“As I was flipping through a U of T magazine, I came across Anstruther’s name in a student author’s bio,” said Samuel. “The student had no formal writing background and was studying anthropology. I thought if she could publish a chapbook, I can at least try, for the sake of gaining work experience outside of academia.” Samuel has taken other creative writing courses at UTM, served as the Editor-in-Chief of Mindwaves for volume 15—PWC’s student-led journal of creative non-fiction—and worked as a research assistant for former UTM writing Professor Geoff Bouvier in the Department of English. 

As writing is often a vulnerable process, I asked Samuel how she decided to trust readers with Post-Funeral Dance. “I didn’t make a conscious decision to entrust readers with all that my poems might reveal about me,” she answered. “I’m okay with them taking whatever they will from their readings, knowing that any interpretation of art is essentially a reflection of the perceiver’s mentality—not of the actual experiences expressed by the artist.”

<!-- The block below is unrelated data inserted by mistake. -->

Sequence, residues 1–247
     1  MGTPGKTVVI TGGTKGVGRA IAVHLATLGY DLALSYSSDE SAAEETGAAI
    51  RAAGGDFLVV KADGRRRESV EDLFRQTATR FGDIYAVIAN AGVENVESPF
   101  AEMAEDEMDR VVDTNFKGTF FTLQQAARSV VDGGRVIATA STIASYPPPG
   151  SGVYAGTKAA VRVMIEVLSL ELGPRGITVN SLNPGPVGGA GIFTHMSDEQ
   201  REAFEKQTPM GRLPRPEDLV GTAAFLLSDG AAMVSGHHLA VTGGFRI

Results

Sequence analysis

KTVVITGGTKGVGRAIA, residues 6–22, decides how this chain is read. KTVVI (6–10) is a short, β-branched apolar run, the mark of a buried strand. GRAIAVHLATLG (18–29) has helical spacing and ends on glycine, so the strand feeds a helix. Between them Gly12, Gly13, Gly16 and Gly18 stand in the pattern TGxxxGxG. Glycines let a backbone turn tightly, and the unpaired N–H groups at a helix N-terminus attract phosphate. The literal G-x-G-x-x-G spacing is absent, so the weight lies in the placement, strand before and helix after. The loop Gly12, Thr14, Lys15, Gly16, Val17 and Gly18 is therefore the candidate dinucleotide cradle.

Regarding her connection with audiences, Samuel likes to hear directly from readers. “Not too long ago, a Saskatchewan poet emailed me with congratulations on Post-Funeral Dance, saying that she was deeply touched by it,” she shared. “For me, if there’s any reward in embracing the vulnerability of creative pursuits and writing anecdotally, it’s that—hearing from others and listening to what they have to say in response.”

Finally, to conclude, Samuel spoke about her earliest publication, a lyric essay that appeared in a Canadian literary magazine in 2020. Like her chapbook, she wrote this essay for a course taught by Professor Bouvier in her first year at UTM. Professor Bouvier now teaches the essay to mid-level creative writing students at Virginia Commonwealth University.